Tuesday, April 22, 2014

California leads the way, as usual

Robert Reich reports on an interesting proposal. California, as usual, is on the forefront with a new Bill, SB 1372. It bases corporate tax rates on the ratio of CEO to average worker pay. The higher the ratio the higher the tax and vice versa. This ratio used to be 30:1 but is now 280:1 and 354:1 in big corps. As Picketty astutely noted, this is not at all tied to CEO performance but on how they rig compensation committees in circle jerks. Remember when these masters of the universe crashed the economy? Their compensation did not fall one bit but rather was increased for failure.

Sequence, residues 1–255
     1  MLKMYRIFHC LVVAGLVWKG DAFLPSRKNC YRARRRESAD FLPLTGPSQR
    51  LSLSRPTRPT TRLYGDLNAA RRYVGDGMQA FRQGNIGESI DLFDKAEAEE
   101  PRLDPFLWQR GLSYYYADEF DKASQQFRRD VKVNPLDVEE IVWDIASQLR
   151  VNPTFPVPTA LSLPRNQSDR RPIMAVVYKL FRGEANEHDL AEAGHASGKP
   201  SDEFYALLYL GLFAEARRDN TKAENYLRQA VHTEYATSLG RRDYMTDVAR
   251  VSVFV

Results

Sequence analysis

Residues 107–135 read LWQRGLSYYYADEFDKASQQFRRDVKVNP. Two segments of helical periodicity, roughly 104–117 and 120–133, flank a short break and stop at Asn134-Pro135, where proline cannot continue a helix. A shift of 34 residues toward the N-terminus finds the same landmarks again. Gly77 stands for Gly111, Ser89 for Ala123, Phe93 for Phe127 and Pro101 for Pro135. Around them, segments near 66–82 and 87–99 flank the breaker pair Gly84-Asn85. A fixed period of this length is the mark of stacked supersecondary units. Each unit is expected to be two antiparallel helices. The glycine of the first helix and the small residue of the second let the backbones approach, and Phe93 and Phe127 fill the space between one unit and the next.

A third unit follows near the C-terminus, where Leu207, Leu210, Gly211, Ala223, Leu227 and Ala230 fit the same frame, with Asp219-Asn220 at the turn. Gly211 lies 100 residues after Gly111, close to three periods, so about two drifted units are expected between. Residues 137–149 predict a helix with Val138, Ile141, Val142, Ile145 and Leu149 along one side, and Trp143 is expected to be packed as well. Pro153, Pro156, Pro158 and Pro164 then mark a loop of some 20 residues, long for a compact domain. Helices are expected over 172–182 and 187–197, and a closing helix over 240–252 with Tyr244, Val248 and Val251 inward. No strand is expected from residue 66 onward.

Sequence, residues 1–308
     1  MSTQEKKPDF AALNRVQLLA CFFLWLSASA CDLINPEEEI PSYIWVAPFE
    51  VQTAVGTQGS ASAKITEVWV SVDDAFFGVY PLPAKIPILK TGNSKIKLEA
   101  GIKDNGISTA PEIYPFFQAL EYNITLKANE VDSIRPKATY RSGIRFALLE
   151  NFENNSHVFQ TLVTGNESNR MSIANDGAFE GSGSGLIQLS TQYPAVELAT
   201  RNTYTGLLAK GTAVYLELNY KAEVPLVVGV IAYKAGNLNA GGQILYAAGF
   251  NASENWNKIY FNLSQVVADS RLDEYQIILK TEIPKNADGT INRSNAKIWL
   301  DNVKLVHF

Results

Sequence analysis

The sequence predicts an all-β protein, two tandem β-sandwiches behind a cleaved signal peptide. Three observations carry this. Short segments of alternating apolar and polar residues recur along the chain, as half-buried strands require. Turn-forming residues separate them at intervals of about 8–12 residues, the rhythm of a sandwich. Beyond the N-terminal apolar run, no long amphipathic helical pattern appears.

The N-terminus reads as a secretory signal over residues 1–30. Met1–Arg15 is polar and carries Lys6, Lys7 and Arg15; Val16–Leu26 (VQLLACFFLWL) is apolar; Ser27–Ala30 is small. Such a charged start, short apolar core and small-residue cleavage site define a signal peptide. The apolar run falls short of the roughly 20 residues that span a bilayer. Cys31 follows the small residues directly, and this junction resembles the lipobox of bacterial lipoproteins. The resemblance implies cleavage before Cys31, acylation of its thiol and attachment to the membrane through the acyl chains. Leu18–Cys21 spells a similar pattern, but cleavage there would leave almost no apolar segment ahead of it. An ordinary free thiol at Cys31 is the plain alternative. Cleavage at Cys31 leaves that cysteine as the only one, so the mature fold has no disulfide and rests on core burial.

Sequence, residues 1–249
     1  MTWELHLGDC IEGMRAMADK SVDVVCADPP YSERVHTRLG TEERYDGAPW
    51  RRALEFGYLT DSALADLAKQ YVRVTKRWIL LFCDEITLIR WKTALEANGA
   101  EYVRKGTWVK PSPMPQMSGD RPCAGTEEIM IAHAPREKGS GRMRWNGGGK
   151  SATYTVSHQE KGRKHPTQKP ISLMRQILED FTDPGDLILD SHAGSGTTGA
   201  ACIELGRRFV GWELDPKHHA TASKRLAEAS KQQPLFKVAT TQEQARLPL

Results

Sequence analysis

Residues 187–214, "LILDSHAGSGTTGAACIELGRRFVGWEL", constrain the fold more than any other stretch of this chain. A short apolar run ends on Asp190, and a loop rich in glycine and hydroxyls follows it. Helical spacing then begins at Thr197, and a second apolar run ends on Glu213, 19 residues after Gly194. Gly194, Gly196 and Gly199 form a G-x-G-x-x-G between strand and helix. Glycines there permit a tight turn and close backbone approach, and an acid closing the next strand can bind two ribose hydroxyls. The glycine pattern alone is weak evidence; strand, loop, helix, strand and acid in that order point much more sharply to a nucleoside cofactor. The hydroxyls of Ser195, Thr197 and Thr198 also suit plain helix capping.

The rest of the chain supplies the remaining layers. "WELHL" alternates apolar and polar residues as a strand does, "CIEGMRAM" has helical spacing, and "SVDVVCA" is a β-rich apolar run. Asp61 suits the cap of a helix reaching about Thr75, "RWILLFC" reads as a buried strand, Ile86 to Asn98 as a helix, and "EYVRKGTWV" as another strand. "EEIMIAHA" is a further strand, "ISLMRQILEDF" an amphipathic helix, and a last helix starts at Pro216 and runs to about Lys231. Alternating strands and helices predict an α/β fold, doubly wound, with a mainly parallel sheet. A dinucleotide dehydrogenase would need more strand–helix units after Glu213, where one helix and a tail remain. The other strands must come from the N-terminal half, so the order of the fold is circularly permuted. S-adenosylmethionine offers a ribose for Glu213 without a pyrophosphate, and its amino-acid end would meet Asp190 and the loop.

Opponents claim it kills jobs and imposes undue procedural burdens, both of which are not based on any evidence. To the contrary, addressing this inequality motivates higher worker pay who in turn spend more money, thereby spurring further job growth. The only jobs CEOs create is said stacking of compensation committees with other over-paid execs. Plus the Dodd-Frank Act already requires corps to publish such pay ratios so no extra work is involved.

No comments:

Post a Comment

Note: Only a member of this blog may post a comment.